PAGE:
The Sharp Weight of Inheritance – Nnadi Samuel

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I do not know if hurt is my birthright”— Jason B. Crawford

knuckle withholds an English suffering, 

clenched in fierce strain.

my unsheathed hands, hurled spacelike, 

knifing a worship.

there are times my loin becomes a violation of religion:

object to be cast out.

times agony was in vogue.

here, my rib aligns to a wounded score arrowed by grace, like endnotes.

gravity lifts anguish towards the mouth. 

a prayer undone. 

teeth tightening a default sorrow, 

gnashed in the way a plectrum to my vein

spew blues, when honed afresh.

we run out of anguish, fisting a rhythm out of wrath.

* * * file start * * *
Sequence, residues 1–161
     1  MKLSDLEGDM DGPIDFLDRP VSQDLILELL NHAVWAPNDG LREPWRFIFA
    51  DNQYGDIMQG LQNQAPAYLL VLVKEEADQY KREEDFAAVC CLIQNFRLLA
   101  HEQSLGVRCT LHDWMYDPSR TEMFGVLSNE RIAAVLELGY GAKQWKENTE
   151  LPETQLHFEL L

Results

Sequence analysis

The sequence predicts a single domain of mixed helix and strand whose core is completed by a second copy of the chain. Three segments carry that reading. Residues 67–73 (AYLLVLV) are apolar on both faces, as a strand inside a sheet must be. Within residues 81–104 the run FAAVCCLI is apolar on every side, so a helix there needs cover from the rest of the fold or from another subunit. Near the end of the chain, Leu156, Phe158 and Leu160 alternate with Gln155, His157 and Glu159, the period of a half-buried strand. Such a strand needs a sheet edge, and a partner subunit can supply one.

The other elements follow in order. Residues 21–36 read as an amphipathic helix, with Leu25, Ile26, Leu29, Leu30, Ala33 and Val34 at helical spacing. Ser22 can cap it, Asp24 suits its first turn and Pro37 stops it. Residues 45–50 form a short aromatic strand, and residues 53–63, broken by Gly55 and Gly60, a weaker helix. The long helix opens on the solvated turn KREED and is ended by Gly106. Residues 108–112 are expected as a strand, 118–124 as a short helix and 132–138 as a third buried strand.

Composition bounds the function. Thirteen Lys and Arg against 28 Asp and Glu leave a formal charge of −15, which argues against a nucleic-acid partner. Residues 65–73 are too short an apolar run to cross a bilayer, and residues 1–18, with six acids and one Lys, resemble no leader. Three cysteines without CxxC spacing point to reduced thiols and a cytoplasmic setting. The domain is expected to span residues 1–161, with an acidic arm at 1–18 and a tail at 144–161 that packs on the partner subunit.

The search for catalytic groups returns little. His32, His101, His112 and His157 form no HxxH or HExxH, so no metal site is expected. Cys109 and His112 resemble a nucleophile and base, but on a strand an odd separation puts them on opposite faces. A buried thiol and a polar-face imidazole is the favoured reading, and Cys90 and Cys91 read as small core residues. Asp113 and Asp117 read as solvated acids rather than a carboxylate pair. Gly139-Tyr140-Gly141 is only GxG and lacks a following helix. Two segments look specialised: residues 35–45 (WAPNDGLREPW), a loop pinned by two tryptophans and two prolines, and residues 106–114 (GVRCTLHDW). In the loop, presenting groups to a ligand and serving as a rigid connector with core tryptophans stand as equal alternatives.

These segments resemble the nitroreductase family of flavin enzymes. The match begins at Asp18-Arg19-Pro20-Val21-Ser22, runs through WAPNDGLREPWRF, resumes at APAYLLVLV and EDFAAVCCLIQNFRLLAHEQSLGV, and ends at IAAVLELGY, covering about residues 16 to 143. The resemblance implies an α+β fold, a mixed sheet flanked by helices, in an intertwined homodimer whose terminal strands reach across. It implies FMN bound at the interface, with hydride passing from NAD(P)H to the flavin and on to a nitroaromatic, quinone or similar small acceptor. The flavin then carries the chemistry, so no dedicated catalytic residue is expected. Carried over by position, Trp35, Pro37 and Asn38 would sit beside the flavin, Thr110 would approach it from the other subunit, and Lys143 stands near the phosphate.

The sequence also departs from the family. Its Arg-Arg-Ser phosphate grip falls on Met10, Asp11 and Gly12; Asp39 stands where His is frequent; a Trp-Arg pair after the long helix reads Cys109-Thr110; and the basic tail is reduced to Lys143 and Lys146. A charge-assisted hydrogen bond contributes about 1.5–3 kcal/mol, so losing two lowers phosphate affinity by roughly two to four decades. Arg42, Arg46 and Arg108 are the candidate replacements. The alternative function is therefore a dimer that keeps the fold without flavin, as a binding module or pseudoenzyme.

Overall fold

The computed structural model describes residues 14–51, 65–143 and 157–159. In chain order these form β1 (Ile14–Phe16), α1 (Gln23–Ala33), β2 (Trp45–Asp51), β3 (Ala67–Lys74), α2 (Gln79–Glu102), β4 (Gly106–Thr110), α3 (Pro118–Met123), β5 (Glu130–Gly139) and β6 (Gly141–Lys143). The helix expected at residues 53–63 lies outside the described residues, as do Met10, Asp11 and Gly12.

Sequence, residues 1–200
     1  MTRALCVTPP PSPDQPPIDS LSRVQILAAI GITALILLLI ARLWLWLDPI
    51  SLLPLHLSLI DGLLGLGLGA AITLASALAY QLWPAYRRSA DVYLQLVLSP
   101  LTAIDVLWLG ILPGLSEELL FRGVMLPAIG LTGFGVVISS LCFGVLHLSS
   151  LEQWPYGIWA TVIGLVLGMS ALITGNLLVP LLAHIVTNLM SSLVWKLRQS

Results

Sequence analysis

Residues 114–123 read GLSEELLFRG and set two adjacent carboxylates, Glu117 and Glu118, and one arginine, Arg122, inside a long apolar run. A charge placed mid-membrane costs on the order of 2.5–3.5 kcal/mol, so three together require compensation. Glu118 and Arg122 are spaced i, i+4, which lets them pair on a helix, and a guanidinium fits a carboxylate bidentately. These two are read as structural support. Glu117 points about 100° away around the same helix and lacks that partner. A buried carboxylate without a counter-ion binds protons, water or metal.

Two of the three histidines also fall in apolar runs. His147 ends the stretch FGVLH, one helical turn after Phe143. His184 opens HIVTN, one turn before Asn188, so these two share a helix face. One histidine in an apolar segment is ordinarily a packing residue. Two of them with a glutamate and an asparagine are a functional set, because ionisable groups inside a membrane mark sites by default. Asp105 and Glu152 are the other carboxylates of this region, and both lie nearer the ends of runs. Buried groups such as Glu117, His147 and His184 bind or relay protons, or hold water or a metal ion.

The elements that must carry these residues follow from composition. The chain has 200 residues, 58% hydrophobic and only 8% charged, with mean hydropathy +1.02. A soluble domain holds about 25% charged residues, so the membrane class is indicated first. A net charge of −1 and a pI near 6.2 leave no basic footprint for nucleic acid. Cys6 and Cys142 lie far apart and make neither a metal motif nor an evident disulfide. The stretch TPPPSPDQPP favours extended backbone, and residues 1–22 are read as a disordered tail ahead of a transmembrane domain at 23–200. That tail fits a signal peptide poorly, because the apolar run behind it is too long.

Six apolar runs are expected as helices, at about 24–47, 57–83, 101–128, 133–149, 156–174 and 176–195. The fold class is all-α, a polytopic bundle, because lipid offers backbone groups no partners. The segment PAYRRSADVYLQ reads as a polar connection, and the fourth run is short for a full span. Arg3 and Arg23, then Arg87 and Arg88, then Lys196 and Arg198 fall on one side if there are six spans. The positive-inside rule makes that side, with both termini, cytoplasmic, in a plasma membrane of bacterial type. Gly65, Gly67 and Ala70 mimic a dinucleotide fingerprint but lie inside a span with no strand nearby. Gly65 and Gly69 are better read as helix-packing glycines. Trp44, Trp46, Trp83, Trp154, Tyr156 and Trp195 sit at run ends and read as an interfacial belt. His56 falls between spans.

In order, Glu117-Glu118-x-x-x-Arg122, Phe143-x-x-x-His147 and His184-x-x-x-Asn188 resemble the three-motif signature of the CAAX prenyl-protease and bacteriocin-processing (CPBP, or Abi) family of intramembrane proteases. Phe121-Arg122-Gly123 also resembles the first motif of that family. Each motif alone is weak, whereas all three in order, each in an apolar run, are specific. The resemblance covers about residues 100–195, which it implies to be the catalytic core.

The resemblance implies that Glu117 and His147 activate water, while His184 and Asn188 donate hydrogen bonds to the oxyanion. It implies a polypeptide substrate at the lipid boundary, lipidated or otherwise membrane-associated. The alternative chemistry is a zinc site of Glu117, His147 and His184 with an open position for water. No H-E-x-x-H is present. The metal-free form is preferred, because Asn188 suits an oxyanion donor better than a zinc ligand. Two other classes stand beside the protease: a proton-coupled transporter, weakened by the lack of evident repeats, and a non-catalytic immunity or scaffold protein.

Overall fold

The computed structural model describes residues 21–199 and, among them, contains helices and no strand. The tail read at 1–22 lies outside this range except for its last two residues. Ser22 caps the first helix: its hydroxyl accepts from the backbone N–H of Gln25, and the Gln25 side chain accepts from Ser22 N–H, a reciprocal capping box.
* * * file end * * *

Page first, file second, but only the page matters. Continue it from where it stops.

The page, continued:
I untuck my palm, rummaging for a tender torture,

an ache sufficient to match my hardship.

still, my loin hymns an awful song.

my rib, strung into a French harp.

accident seems the rawest kind of harmony:

weight— injured into hemorrhage.

‘I long to be damaged way out of the ordinary.’

look how we phrase a casualty shuttling in between violence & voice.

the ghastly lyric: a killer tune. 

rough decibel smashed onto our jawline.

the neat chaos,

a wounded melody.

no one born of reed should suffer this long.


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